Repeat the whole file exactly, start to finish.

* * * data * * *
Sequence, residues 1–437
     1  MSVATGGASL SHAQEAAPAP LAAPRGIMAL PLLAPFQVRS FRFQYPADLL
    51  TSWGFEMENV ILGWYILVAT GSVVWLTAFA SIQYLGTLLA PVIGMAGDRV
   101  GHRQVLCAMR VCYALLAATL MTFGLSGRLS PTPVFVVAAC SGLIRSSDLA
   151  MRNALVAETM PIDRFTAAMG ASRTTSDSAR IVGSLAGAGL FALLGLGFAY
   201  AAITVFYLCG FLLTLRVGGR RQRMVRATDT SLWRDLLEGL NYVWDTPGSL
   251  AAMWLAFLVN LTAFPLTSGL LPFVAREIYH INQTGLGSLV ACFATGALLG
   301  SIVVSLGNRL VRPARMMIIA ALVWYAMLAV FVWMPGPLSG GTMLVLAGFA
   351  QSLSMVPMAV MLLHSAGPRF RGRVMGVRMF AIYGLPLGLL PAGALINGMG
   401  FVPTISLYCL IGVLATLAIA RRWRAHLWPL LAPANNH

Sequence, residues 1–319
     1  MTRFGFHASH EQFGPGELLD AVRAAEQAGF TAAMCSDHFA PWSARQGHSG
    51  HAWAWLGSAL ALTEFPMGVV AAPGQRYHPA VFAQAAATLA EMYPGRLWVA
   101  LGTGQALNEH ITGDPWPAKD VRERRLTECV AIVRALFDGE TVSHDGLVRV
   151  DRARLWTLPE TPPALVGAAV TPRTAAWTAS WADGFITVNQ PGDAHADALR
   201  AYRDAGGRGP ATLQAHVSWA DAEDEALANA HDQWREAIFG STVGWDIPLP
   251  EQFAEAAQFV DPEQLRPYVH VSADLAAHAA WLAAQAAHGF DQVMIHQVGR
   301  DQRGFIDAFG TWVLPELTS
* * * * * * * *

Sequence, residues 1–437
     1  MSVATGGASL SHAQEAAPAP LAAPRGIMAL PLLAPFQVRS FRFQYPADLL
    51  TSWGFEMENV ILGWYILVAT GSVVWLTAFA SIQYLGTLLA PVIGMAGDRV
   101  GHRQVLCAMR VCYALLAATL MTFGLSGRLS PTPVFVVAAC SGLIRSSDLA
   151  MRNALVAETM PIDRFTAAMG ASRTTSDSAR IVGSLAGAGL FALLGLGFAY
   201  AAITVFYLCG FLLTLRVGGR RQRMVRATDT SLWRDLLEGL NYVWDTPGSL
   251  AAMWLAFLVN LTAFPLTSGL LPFVAREIYH INQTGLGSLV ACFATGALLG
   301  SIVVSLGNRL VRPARMMIIA ALVWYAMLAV FVWMPGPLSG GTMLVLAGFA
   351  QSLSMVPMAV MLLHSAGPRF RGRVMGVRMF AIYGLPLGLL PAGALINGMG
   401  FVPTISLYCL IGVLATLAIA RRWRAHLWPL LAPANNH

Sequence, residues 1–319
     1  MTRFGFHASH EQFGPGELLD AVRAAEQAGF TAAMCSDHFA PWSARQGHSG
    51  HAWAWLGSAL ALTEFPMGVV AAPGQRYHPA VFAQAAATLA EMYPGRLWVA
   101  LGTGQALNEH ITGDPWPAKD VRERRLTECV AIVRALFDGE TVSHDGLVRV
   151  DRARLWTLPE TPPALVGAAV TPRTAAWTAS WADGFITVNQ PGDAHADALR
   201  AYRDAGGRGP ATLQAHVSWA DAEDEALANA HDQWREAIFG STVGWDIPLP
   251  EQFAEAAQFV DPEQLRPYVH VSADLAAHAA WLAAQAAHGF DQVMIHQVGR
   301  DQRGFIDAFG TWVLPELTS